Embedding check-in messages is only useful when the message is useful, and only if the file is updated once and a while. Including every message will simply bloat the file to the point where there's more comments describing changes than there is actual code. Best to leave that to the repository as well; often it's only a short command line to get the file's check-in log.

If you're stuck with a revision control system that can't keep history for moves and copies, in that case just reference the original file and its version number. Of course, if you're using a system that was created sometime in this century and not the last, that shouldn't be an issue.

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This is what i normaly put at the top of files:

///////////// Copyright © 2008 DesuraNET. All rights reserved. /////////////
//
//   Project     : [project name]
//   File        : [file name]
//   Description :
//      [TODO: Write the purpose of ... ]
//
//   Created On: 11/12/2008 2:24:07 PM
//   Created By: [name] <mailto:[email]>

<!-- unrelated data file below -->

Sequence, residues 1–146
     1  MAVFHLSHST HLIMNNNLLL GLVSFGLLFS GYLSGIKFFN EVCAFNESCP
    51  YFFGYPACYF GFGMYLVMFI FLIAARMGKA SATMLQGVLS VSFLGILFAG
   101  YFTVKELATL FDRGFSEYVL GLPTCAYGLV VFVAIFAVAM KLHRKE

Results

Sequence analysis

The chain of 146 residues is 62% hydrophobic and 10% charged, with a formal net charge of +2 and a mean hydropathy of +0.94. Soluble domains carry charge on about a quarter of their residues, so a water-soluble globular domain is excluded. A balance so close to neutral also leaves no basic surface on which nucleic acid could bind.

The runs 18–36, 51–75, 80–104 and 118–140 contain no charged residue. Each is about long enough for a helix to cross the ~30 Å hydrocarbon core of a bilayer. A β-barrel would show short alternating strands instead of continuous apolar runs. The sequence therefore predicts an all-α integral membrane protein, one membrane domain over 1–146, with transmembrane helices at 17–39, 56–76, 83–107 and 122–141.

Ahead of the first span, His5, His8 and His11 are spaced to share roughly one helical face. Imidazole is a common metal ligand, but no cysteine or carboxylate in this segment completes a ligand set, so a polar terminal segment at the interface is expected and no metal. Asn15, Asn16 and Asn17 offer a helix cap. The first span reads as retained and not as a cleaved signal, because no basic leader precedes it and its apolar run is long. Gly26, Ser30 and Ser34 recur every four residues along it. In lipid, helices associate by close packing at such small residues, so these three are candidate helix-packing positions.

////////////////////////////////////////////////////////////////////////////

and i set up a macro in vis to do add it in and fill in default info when i make a new file

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A copyright statement for my client ;-)

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Everyone is saying that your source control will have the date and programmer info, but that isn't always true. I worked in a shop that used Source Safe, and it was fine until someone decided to move a file to a different location. At that point, it essentially became a new file according to SS, and no previous history existed.

Perhaps because of that, the programmer name and date were automatically added to the comment section at the top of the file. When there got to be more than about 10 entries, we'd strip out all of the middle ones, leaving only the original date and author, and the current information.